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Greek Popular Religion, by Martin P. Nilsson, [1940], at

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Lines of research in the study of Greek religion; importance of popular religion; agriculture and stockbreeding the foundations of Greek life in early times; Zeus, the weather god; weather magic; human sacrifices to Zeus Lykaios and to Zeus Laphystios; prayers for rain; stone heaps and their god, Hermes; stone heaps as tombs--Hermes Psychopompos; the herms; pastoral gods--Pan; the rivers and their gods--represented in the form of a bull or a horse; Poseidon, the god of water and earthquakes; centaurs; seilenoi and satyrs; nymphs; Artemis, the foremost of the nymphs; the Nereids in modern Greek belief; the sacral landscape; the heroes; sometimes the heroes appear as ghosts; cult of the heroes bound to their tombs and relics; transference of the relics; heroes helpful in everything, but especially in war; similarity of hero cult to the cult of the saints; the great gods less prominent in the rustic cults; the great gods disappeared, while rustic beliefs survived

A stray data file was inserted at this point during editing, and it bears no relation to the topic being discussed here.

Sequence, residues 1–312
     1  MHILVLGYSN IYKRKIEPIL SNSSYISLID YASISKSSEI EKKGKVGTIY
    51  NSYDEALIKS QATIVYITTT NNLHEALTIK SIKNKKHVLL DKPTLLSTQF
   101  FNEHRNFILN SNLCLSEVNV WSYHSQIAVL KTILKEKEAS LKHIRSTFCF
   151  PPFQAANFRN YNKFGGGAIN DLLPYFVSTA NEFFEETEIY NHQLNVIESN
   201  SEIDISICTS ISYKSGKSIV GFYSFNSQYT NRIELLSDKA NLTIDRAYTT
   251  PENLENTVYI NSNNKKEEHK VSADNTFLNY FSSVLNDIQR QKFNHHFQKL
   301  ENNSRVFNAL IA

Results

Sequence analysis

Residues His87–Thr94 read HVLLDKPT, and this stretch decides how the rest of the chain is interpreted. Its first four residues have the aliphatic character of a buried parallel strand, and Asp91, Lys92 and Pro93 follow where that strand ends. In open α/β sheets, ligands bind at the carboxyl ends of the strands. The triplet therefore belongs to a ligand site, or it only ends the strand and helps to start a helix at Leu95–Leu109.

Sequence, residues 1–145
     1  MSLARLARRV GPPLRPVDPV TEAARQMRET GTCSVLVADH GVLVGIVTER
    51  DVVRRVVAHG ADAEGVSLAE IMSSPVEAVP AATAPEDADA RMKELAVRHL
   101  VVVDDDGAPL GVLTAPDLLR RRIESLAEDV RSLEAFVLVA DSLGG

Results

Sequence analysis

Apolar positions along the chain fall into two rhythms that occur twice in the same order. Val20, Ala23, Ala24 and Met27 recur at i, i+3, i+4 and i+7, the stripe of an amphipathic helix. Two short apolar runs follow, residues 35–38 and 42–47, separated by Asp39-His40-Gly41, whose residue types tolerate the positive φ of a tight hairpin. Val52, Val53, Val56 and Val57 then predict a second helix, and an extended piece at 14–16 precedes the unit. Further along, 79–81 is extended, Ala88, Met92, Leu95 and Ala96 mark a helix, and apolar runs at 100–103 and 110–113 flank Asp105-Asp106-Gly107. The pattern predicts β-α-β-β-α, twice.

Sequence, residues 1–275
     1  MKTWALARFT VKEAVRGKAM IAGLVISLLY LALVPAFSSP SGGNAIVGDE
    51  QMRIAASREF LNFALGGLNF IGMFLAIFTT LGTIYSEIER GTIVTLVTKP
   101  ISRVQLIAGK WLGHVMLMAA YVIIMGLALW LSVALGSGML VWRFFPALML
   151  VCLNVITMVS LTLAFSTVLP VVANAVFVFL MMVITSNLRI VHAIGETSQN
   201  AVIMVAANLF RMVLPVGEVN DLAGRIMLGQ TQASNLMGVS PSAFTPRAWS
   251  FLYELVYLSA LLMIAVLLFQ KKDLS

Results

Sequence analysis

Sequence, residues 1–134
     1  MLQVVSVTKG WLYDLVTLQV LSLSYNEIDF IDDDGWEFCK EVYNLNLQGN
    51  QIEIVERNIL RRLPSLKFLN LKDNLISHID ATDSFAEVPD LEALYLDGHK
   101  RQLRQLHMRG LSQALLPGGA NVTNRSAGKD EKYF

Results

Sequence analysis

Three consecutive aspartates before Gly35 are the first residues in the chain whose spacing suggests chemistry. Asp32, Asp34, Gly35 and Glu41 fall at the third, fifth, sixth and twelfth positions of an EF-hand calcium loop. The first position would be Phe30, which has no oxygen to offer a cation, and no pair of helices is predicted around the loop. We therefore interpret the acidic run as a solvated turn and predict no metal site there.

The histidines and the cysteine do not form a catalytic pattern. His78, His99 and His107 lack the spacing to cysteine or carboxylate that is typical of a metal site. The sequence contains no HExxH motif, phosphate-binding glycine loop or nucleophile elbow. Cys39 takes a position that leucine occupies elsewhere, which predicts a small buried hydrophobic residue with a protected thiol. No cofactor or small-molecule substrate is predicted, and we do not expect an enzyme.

Greece originally, and still in part, a country of peasants, who cling to old customs; Greek mode of living; significance of agriculture in the festivals; a natural calendar; Demeter, the Corn Mother, and her festivals; festival of autumn sowing--the Thesmophoria; festivals of harvest--the Thalysia and the Kalamaia; the preharvest festival--the Thargelia--and the pharmakos; first fruits and their significance; the bucoliasts; the panspermia and the kernos; cultivation of the olive; the gardening festival--the Haloa; the flower festival--the Anthesteria--the blessing of the new wine, and the Athenian All Souls' Day; vintage festivals; Dionysus and the wine; the phallus; the May bough--the eiresione; the boys carry swallows; other forms of the May branch--the thyrsus and the crown; tenacity of rural customs